Reviews in Fish Biology and Fisheries

, Volume 21, Issue 3, pp 339–354 | Cite as

A review on mesopelagic fishes belonging to family Myctophidae



Myctophids are mesopelagic fishes belonging to family Myctophidae. They are represented by approx. 250 species in 33 genera. Called as “Lanternfishes”, they inhabit all oceans except the Arctic. They are well-known for exhibiting adaptations to oxygen minimum zones (OMZ-in the upper 2,000 m) and also performing diel vertical migration between the meso- and epipelagic regions. True to their name, lanternfishes possess glowing effect due to the presence of the photophores systematically arranged on their body, one of the important characteristic adding to their unique ecological features. Mid-water trawling is a conventional method of catching these fishes which usually accounts for biomass approx. in million tones as seen in Arabian Sea (20–100 million) or Southern ocean (70–200 million). Ecologically, myctophids link primary consumers like copepods, euphausiids and top predators like squids, whales and penguins in a typical food web. Lantern fishes become a major part of deep scattering layers (DSL) during migration along with other fauna such as euphausiids, medusae, fish juveniles, etc. Like any other marine organisms, Myctophids are susceptible to parasites like siphonostomatoid copepods, nematode larvae etc. in natural habitats. They are important contributors of organic carbon in the form of their remnants and fast sinking faeces, which get deposited on ocean beds. Economically, they are a good source of protein, lipids and minerals, which is used as fishmeal for poultry and animal feed and as crop fertilizers. Few species are considered edible, but proper processing difficulties on a higher scale limit myctophids as human food. Myctophids have a life span of approx. 1–5 years and low fecundity rates (100–2,000 eggs per spawn). This trait is a disadvantage, if continuous utilization of their population, for e.g., for fish meal industries etc., occurs without giving them a chance to revive and recover. Hence, research in this area also should be given utmost importance. In this paper, we have tried to compile information and ideas from various sources of myctophid research around the world, particularly from the Indian Ocean, to understand their ecological and economic importance and also to put forth new ideas to bring about conservation and restoration of this vulnerable resource.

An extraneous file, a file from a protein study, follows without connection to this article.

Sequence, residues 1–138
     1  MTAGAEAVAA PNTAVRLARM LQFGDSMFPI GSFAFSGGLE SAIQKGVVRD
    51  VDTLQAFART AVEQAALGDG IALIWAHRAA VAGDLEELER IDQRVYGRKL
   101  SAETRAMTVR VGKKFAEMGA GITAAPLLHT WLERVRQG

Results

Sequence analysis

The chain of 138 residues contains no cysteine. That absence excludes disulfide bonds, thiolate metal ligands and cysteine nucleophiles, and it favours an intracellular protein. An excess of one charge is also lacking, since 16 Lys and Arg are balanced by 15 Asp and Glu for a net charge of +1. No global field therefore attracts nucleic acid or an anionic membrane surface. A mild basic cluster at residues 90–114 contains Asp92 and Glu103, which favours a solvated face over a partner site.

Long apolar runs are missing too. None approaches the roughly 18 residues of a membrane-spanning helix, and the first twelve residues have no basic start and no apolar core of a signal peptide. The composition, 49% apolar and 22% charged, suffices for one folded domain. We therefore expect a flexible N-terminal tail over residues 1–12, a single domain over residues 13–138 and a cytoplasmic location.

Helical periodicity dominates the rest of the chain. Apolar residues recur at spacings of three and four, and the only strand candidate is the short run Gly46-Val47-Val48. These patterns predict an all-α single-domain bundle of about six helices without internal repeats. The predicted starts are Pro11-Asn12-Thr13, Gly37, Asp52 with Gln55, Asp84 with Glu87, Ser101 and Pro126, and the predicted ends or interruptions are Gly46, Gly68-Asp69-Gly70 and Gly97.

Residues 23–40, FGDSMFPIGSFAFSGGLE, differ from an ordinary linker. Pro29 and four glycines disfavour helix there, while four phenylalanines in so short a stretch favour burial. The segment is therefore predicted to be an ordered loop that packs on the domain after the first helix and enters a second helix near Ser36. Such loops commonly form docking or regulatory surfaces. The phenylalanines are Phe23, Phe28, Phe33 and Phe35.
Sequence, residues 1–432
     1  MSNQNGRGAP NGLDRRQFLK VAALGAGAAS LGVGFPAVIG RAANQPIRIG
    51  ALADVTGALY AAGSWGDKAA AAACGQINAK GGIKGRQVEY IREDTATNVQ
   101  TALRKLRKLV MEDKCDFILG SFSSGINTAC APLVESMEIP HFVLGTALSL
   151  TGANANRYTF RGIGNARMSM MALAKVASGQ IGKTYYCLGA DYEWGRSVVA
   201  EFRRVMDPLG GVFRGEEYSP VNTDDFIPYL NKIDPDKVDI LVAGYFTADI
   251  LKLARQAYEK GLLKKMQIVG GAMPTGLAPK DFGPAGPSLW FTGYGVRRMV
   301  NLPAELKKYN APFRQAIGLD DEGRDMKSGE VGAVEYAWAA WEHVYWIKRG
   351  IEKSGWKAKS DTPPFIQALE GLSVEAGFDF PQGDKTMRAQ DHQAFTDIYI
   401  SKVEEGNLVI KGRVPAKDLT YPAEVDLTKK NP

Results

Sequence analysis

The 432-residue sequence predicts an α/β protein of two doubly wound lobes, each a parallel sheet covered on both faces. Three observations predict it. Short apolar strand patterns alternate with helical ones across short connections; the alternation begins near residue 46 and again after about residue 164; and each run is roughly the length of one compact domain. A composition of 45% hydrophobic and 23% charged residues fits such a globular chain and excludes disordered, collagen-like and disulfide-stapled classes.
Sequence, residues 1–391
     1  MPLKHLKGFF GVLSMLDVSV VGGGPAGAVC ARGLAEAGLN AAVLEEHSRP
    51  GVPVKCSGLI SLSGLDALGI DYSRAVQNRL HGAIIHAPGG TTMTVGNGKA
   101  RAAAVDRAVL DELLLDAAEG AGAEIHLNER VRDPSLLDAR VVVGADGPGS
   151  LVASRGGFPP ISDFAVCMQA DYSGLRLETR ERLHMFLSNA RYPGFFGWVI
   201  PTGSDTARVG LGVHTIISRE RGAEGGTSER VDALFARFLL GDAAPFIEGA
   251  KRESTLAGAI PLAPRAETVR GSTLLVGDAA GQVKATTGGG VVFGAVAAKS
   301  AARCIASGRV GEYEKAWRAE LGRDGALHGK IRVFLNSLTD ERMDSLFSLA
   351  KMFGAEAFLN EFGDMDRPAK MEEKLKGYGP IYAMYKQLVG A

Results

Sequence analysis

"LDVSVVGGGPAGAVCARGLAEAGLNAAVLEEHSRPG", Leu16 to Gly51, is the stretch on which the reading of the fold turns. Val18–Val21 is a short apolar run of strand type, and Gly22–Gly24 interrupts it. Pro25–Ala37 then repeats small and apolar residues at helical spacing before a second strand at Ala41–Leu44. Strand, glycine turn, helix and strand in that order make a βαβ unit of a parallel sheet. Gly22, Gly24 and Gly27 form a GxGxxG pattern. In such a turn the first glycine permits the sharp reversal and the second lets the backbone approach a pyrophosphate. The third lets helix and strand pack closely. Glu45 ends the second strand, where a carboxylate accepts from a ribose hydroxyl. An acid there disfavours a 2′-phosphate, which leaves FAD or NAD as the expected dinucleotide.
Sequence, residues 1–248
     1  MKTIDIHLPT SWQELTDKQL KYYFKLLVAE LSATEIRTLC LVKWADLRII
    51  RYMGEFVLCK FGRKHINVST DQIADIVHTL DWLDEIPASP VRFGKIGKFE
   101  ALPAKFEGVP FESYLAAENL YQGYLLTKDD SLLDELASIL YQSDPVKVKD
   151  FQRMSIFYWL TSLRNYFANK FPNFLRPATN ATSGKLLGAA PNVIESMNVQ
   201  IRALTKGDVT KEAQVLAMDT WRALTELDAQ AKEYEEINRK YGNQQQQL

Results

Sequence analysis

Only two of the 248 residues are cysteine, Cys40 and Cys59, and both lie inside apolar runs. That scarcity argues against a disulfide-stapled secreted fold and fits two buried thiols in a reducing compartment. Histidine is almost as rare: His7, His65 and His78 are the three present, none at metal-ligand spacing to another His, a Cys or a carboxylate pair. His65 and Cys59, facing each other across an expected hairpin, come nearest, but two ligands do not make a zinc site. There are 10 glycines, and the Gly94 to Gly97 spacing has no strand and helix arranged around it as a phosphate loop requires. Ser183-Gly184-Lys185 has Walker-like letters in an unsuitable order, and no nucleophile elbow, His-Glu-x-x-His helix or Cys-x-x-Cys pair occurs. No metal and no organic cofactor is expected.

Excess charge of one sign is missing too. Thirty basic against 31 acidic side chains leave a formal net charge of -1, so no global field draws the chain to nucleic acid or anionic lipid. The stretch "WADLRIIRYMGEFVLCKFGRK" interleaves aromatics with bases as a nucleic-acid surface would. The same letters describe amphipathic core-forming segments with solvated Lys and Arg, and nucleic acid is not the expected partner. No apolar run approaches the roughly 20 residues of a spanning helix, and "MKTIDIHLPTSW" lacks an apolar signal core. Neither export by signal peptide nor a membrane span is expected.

Lanternfishes Bioluminescence Deep scattering layers Oxygen minimum zone Vertical migration 


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Copyright information

© Springer Science+Business Media B.V. 2010

Authors and Affiliations

  1. 1.National Institute of OceanographyDona PaulaIndia
  2. 2.National Institute of Oceanography, Regional CentreKochiIndia

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